Destructive behavior in cats involves scratching, chewing, and urinating. Thankfully, taking steps to modify your cat’s behavior can control the condition.
Technically, the condition is split up into primary and secondary destructive behavior. Additionally, in some cases the condition can bring on other medical problems.
If you see the signs of destructive behavior in your cat, then get to a veterinarian for a proper diagnosis and treatment.
Here’s what you should know about the symptoms, causes, and treatments for the condition.
Symptoms of Destructive Behavior in Cats
The condition produces a wide range of symptoms. Generally, the symptoms can be split into primary and secondary types of the condition.
For example, common primary types include:
- Scratching furniture
- Eating houseplants
- Scratching carpets
Secondary types include:
- Obsessive compulsions
- Grooming excessively
- Destructive behavior to get your attention
Causes of Destructive Behavior in Cats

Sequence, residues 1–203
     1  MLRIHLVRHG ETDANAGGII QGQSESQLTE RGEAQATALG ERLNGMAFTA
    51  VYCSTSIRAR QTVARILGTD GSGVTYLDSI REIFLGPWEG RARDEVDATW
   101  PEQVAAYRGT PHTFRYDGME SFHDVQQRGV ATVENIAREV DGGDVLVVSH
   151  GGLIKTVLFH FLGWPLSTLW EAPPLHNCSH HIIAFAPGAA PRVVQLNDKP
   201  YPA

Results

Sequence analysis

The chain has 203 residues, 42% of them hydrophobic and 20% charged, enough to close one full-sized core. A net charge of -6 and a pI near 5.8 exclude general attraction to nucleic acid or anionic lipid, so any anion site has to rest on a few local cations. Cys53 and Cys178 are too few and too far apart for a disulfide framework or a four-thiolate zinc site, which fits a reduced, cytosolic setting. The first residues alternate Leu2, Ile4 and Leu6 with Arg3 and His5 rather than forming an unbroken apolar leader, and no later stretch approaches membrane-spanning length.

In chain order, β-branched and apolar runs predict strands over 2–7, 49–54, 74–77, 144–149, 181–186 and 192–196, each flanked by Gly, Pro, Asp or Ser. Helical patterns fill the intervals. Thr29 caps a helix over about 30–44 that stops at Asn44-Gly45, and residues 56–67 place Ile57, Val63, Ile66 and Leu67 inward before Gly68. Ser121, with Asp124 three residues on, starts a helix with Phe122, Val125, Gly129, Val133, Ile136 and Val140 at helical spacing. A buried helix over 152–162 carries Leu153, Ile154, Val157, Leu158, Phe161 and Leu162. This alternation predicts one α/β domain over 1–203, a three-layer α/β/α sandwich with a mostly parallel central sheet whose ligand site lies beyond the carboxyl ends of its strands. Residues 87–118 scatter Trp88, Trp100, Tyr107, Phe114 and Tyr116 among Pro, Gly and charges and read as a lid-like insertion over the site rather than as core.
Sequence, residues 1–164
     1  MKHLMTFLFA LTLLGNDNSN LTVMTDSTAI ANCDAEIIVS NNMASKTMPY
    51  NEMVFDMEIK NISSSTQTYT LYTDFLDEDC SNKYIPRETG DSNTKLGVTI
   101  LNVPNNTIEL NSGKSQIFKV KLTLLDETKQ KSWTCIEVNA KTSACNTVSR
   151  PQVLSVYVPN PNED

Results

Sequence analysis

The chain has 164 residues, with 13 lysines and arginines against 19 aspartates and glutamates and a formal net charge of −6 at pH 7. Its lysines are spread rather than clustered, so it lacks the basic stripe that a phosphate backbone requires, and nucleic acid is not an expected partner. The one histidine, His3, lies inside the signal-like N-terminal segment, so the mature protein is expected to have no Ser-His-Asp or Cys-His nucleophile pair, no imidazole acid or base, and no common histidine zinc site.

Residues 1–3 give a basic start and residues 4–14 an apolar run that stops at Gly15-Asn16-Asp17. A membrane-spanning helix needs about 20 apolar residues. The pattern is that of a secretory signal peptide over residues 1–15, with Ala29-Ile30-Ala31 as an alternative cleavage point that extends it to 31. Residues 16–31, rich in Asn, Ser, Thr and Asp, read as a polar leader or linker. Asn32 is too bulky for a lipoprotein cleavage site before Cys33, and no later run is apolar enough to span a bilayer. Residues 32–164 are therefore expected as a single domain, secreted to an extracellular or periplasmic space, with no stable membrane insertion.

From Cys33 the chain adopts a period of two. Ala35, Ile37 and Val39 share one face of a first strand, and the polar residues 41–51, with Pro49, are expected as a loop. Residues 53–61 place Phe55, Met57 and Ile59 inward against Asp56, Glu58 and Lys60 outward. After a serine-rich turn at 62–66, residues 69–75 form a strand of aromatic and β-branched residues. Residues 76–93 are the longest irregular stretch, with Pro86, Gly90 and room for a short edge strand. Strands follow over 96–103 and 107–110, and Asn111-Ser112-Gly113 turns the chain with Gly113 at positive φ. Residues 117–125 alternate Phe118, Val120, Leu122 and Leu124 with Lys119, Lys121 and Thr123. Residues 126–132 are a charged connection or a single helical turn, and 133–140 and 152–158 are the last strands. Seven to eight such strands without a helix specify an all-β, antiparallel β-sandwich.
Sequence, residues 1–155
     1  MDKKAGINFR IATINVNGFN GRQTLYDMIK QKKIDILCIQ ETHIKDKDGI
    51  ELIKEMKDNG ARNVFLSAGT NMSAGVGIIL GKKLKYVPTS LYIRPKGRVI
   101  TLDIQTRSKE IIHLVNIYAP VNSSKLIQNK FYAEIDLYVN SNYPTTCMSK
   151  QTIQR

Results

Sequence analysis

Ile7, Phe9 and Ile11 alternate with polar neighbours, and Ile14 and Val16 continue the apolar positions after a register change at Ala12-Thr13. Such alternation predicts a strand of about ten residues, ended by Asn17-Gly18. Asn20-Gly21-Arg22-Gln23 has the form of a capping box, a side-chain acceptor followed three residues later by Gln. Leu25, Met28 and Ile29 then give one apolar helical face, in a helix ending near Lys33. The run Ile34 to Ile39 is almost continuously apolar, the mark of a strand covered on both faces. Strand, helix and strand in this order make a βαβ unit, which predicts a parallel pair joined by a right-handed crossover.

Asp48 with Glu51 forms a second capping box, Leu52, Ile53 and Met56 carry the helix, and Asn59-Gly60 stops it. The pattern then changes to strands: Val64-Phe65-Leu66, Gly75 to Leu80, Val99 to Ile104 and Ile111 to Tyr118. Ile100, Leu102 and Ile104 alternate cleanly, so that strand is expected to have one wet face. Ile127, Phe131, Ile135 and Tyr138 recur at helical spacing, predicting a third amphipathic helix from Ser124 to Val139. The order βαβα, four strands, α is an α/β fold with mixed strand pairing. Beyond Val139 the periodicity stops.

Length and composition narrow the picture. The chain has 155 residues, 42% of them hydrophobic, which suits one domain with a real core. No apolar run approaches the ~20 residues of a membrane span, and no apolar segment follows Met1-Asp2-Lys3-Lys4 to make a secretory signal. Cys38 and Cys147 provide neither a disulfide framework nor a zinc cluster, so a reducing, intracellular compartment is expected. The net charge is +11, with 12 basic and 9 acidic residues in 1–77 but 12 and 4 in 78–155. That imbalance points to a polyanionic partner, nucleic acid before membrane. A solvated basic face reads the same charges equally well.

The cause of the condition can be one of a number of things. For instance, some of the most common causes include:
- Not provided with proper scratching posts
- Lack of exercise
- Lack of human interaction
- Emotional trauma
Unfortunately, the cause of secondary types of the condition is unknown.
Treatments for Destructive Behavior in Cats
Firstly, your vet will ask about your cat’s behavior. It is important you keep detailed records of the behavior.
Secondly, your vet will assess you cat’s behavior.
Thirdly, your vet will take blood and urine tests. This is to see if there is an underlying medical condition at work.
Treatment depends on the cause of the condition. If it is a medical issue, your vet will take steps to target that.
In some cases, medication can be used. As always, if your vet prescribes your cat any medicine, make sure to stick to the correct dose and frequency instructions. Also, complete the full course of medicine.
Generally, your cat’s behavior will need to be modified. This will involve things like providing your cat with proper places to scratch. Your vet will come up with a behavior plan suited to your cat’s needs.
Overall, early training is key to preventing the condition. Your vet can help advise you on proper kitten training techniques.
Have you ever cared for a cat who suffered from this condition? How did your vet help your cat recover? Let us know in the comments section below.